Looking outIt is the last week of September and as Nepal prepares for month long festivities, New York is abuzz with heads of governments from around the world who are converging in the annual guthi to discuss how to make the world a better place.
It is the last week of September and as Nepal prepares for month long festivities, New York is abuzz with heads of governments from around the world who are converging in the annual guthi to discuss how to make the world a better place.
This is a week where global leaders jostle with each other and network to deepen their ties. It is the only legitimate foreign trip a leader gets that is not criticised by the media.
With social media platforms like Facebook and Twitter becoming a key to how one communicates with people, it becomes interesting to see what is coming up on the Twitter feeds and Facebook pages of leaders.
It was very interesting to see the Twitter feed and Facebook page of the Bhutanese prime minister Tshering Tobgay.
The Bhutanese PM’s social media accounts are filled with pictures of PM Tobgay with Charlie Rose of CBS This Morning, former US president Bill Clinton, Apple CEO Tim Cook, CEO of Air Asia Tony Fernandes, and others at the Bloomberg Global Business Forum. I also looked at whom the Nepal Prime Minister was meeting.
The Twitter feeds put him in meetings with the President of Estonia; maybe now someone from Nepal will become Honorary Consul General of that country.
While the Bhutan PM tweeted about his presence at the function hosted by the Nepali Consulate and his bilateral meeting with the Nepali PM, Deuba’s official social media accounts were absent of similar accounts.
Nepal’s isolation from the world during the decade long transition has made us very insulated and busy with little things around our own circle of influence.
Other than in a few select instances, I do not recall a single feed on social media of Nepalis talking on global stages and platforms. Instead, I see people who used to traverse global events now happy to be heavily garlanded and caked in vermillion powder at Nepali events both at home and abroad.
Courtesy of Nepali keyboards, now people do not even have to learn English to belch out messages of congratulations and condolence.
It has been years since we last saw Nepali leaders taking the global centre stage, or since they were spotted at events like the World Economic Forum or the Bloomberg Global Business Forum.
I cannot see any videos on YouTube of a Nepali leader who has put the country on the global map. Tshering Tobgay’s Ted talk has now received 2 million views.
He represents a country whose population is just 800,000. That means his Ted talk has two and a half times more views than there are people in his country.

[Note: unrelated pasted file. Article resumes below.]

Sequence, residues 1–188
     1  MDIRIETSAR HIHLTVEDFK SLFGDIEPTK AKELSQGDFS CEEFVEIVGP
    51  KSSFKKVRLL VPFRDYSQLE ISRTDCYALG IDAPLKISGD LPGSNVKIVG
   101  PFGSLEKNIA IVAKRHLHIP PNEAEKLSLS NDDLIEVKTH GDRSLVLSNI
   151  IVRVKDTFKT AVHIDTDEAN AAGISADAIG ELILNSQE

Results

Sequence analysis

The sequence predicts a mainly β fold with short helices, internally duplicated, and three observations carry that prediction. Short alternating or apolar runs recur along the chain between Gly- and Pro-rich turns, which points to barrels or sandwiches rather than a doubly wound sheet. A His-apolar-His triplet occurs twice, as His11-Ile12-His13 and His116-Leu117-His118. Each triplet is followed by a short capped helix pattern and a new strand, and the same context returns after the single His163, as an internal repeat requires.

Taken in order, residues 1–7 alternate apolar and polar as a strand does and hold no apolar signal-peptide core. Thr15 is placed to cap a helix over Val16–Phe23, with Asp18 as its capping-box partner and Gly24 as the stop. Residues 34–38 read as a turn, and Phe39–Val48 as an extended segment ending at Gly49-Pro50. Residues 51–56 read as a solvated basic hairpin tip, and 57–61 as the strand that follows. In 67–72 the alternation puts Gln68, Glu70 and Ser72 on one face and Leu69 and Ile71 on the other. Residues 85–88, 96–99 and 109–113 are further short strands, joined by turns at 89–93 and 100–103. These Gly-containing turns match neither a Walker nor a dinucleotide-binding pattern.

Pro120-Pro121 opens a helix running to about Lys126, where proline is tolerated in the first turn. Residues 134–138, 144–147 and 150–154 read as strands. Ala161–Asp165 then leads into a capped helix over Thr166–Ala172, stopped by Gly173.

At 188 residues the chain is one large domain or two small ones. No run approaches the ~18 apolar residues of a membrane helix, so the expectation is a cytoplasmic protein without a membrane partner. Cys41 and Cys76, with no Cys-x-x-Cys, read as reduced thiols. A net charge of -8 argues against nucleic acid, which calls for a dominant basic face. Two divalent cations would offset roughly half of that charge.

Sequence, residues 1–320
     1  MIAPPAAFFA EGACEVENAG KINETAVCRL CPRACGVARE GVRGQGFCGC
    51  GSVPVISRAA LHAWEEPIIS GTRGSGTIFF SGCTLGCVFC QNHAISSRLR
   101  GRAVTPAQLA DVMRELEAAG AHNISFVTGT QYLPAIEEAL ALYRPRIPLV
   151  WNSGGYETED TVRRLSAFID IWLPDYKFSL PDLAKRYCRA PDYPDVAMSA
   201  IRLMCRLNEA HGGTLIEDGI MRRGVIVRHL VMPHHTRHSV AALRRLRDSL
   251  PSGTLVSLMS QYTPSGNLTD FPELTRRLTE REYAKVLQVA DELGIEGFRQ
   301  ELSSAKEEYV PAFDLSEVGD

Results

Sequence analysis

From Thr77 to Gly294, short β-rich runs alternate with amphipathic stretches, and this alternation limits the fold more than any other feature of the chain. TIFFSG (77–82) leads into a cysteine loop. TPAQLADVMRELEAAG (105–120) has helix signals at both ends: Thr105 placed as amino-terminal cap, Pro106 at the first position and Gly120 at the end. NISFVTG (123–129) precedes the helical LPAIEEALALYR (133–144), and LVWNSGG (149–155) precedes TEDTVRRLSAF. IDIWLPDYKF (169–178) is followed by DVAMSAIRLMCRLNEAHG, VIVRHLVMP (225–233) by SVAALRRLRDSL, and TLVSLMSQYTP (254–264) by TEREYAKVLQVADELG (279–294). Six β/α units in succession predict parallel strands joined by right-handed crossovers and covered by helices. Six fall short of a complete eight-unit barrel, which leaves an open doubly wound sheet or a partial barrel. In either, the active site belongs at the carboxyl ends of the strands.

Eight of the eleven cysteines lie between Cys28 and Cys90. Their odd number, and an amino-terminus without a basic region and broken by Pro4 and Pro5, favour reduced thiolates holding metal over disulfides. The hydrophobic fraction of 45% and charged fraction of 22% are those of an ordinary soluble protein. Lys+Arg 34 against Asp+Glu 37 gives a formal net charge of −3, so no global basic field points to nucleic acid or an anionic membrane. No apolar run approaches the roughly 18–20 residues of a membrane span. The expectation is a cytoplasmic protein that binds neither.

If Tobgay can do it for Bhutan, we deserve leaders who can garner 70 million views on YouTube with their Ted talks. When our leaders travel, they are happy to be received in that country by sycophants and to address hour long gatherings.
I keep wondering about the type of person who resides in the US and has the time to spend four hours at an event and take four days off to hang out with political leaders.
Such a person must be extremely rich or have nothing better to do. Even meetings of the Non Resident Nepali Association (NRNA) just attracts people who have been paid to travel or people who could not fulfil their political ambitions in Nepal and had to find another country to use the Nepalis there as a platform.
An issue that requires serious recalibration on our part is how Nepal can reach out to the world and how Nepalis can learn to be part of the global centre stage.
The key issue to tackle is the mediocrity that we have become so accepting of. We take this acceptance of mediocrity with us to the places we travel to and establish the perception of Nepalis being people who just accept mediocrity.
I was looking at a picture of a diplomat being presented a farewell gift by the Vice President of Nepal. When I saw the souvenir being presented, I was ashamed.
How can a country that has world class art and artists present such awful pieces as gifts?
We need to change many ways of our life in Nepal for our youth to learn what the best way of doing things is.
Fighting over who will be the Chief Guest and Guest of Honour, the sequence of giving long, unprepared, boring speeches, jostling and fighting to sit in the front line, turning up shabbily dressed, or not knowing how to carry oneself should be things of the past. It is now time we invested in managing one’s image and learnt how to project oneself digitally.
We can learn from the Bhutanese prime minister. At the Mountain Echoes festival in Thimpu in August this year, he decided to team up with a 16 year old student to do a poetry skit on stage rather than giving a speech, making everyone wonder how he memorised so many lines! We need to invest in knowledge and acquire knowledge to get to the global centre stage.
Development agencies and a host of INGOs and NGOs in Nepal have turned training, learning and personal development into something one is paid to attend, rather than something one invests in for personal enrichment. Perhaps, this could be the starting point on literally starting to invest in one’s future.